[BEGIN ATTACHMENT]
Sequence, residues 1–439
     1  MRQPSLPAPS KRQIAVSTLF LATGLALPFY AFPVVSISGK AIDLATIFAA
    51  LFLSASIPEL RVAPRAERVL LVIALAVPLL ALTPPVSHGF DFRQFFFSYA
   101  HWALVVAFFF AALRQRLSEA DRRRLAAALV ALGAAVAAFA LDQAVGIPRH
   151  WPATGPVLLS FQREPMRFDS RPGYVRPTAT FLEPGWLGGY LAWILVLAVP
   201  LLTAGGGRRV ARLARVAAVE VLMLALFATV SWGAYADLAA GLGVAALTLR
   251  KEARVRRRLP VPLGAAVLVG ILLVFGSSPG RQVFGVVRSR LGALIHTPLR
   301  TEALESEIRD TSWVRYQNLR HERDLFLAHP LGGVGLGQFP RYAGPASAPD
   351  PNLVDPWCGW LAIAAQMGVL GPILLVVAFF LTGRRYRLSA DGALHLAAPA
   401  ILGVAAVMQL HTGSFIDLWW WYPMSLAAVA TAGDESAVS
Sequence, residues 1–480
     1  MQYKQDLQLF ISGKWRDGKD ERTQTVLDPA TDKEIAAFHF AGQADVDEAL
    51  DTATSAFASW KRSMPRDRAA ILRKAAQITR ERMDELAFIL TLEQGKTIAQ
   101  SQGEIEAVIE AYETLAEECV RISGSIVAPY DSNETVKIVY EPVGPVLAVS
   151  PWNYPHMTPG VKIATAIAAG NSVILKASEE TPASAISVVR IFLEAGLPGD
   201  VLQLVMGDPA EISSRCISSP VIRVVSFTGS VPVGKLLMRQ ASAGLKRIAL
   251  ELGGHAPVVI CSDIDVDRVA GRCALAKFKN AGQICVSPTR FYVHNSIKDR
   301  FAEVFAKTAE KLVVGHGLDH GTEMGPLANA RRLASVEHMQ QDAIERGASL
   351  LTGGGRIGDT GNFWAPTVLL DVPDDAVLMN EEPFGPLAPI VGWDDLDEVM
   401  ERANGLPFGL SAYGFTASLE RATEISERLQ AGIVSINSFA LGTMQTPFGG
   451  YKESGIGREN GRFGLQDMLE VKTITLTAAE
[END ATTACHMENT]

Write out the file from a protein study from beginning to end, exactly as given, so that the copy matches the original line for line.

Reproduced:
Sequence, residues 1–439
     1  MRQPSLPAPS KRQIAVSTLF LATGLALPFY AFPVVSISGK AIDLATIFAA
    51  LFLSASIPEL RVAPRAERVL LVIALAVPLL ALTPPVSHGF DFRQFFFSYA
   101  HWALVVAFFF AALRQRLSEA DRRRLAAALV ALGAAVAAFA LDQAVGIPRH
   151  WPATGPVLLS FQREPMRFDS RPGYVRPTAT FLEPGWLGGY LAWILVLAVP
   201  LLTAGGGRRV ARLARVAAVE VLMLALFATV SWGAYADLAA GLGVAALTLR
   251  KEARVRRRLP VPLGAAVLVG ILLVFGSSPG RQVFGVVRSR LGALIHTPLR
   301  TEALESEIRD TSWVRYQNLR HERDLFLAHP LGGVGLGQFP RYAGPASAPD
   351  PNLVDPWCGW LAIAAQMGVL GPILLVVAFF LTGRRYRLSA DGALHLAAPA
   401  ILGVAAVMQL HTGSFIDLWW WYPMSLAAVA TAGDESAVS
Sequence, residues 1–480
     1  MQYKQDLQLF ISGKWRDGKD ERTQTVLDPA TDKEIAAFHF AGQADVDEAL
    51  DTATSAFASW KRSMPRDRAA ILRKAAQITR ERMDELAFIL TLEQGKTIAQ
   101  SQGEIEAVIE AYETLAEECV RISGSIVAPY DSNETVKIVY EPVGPVLAVS
   151  PWNYPHMTPG VKIATAIAAG NSVILKASEE TPASAISVVR IFLEAGLPGD
   201  VLQLVMGDPA EISSRCISSP VIRVVSFTGS VPVGKLLMRQ ASAGLKRIAL
   251  ELGGHAPVVI CSDIDVDRVA GRCALAKFKN AGQICVSPTR FYVHNSIKDR
   301  FAEVFAKTAE KLVVGHGLDH GTEMGPLANA RRLASVEHMQ QDAIERGASL
   351  LTGGGRIGDT GNFWAPTVLL DVPDDAVLMN EEPFGPLAPI VGWDDLDEVM
   401  ERANGLPFGL SAYGFTASLE RATEISERLQ AGIVSINSFA LGTMQTPFGG
   451  YKESGIGREN GRFGLQDMLE VKTITLTAAE